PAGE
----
This project is still in progress, but it aims to maintain the methods used in previous surveys, increase surveillance efforts for new herbicide-resistant (HR) weeds, and build a HR weed biovigilance strategy for the Canadian Prairies.
Herbicide-resistant (HR) weeds are a significant challenge in Canada, so there is a need for continued surveillance and immediate action to mitigate or delay the selection for new HR weeds.
This project, led by Charles Geddes, will use a series of Prairie Herbicide-Resistant Weed Surveys and a coordinated strategy for biovigilance of HR weeds in the Prairie Region of Canada to increase awareness of HR weeds, guide the priorities of agricultural industry, and help growers understand how to mitigate and manage HR weeds on their farms.
The Saskatchewan survey of herbicide-resistant weeds in 2019/2020 covered 1651 weed samples from 419 fields under annual crop production. The Mixed Grassland ecoregion was sampled in 2019 (115 fields), while the Moist Mixed Grassland, Aspen Parkland, and Boreal Transition ecoregions were sampled in 2020 (114, 123, and 67 fields, respectively). The survey followed a randomized-stratified design with crops sampled proportional to their production area and fields sampled proportional to the arable land base within each ecodistrict.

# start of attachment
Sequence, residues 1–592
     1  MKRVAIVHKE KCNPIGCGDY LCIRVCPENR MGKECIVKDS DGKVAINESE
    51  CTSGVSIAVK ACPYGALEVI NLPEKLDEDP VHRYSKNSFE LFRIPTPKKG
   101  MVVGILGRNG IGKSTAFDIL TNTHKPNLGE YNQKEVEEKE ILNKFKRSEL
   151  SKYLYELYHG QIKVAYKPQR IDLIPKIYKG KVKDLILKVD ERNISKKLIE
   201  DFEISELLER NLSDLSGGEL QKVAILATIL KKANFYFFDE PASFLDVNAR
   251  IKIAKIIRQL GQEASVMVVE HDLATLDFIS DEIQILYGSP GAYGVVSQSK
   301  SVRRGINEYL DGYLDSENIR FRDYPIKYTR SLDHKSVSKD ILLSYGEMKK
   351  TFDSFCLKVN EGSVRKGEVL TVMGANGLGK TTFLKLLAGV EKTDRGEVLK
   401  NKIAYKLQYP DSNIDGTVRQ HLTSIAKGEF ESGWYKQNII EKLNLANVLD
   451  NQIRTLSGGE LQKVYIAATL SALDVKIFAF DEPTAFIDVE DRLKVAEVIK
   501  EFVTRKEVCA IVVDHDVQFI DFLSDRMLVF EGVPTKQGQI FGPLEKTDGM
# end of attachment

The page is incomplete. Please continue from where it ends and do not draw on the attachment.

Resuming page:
Resistance diagnostics identified group 1 resistance in wild oat, green foxtail, and yellow foxtail, group 2 resistance in wild oat, kochia, sow thistle species, wild mustard, stinkweed, redroot pigweed, false cleavers, shepherd’s purse, pale smartweed, lamb’s quarters, hemp nettle, and chickweed, and group 1+2 resistance in wild oat. Overall, the area infested with herbicide-resistant weeds in Saskatchewan increased from 11.8 M acres (a 21.5 M acre field area) in 2014/2015 to 15.3 M acres (a 28.3 M acre field area) in 2019/2020.
Although the project is still in progress, these results suggest that 72% of Saskatchewan fields under annual crop production were infested with at least one herbicide-resistant weed biotype. The 36 grower-submitted samples with suspected novel herbicide resistance received in 2021 are currently being tested for resistance. Of particular concern arising from these samples was the first confirmation of glyphosate-resistant downy brome in Taber County, Alberta. Overall, the project continues to document (unfortunately for Prairie farmers) the increasing impact of herbicide-resistant weeds on annual crop production in the Canadian Prairies.
Although based on preliminary results, herbicide-resistant weeds infest about 15.3 million acres of farmland under annual crop production in Saskatchewan; equivalent to 28.3 million acres based on field area. The 2019/2020 survey of Saskatchewan identified group 1 resistance in wild oat, green foxtail, and yellow foxtail, group 2 resistance in wild oat, kochia, sow thistle species, wild mustard, stinkweed, redroot pigweed, false cleavers, shepherd’s purse, pale smartweed, lamb’s quarters, hemp nettle, and chickweed, and group 1+2 resistance in wild oat.
It is estimated that herbicide-resistant weeds cost Saskatchewan farmers about $430 million annually in increased costs of weed control and decreased crop yields and quality. Of particular concern was the first confirmation of glyphosate-resistant downy brome in a grower-submitted sample from Taber County, Alberta. This represents the first glyphosate-resistant grass weed identified in Canada.
Read the First report of glyphosate-resistant downy brome (Bromus tectorum L.) in Canada for more information.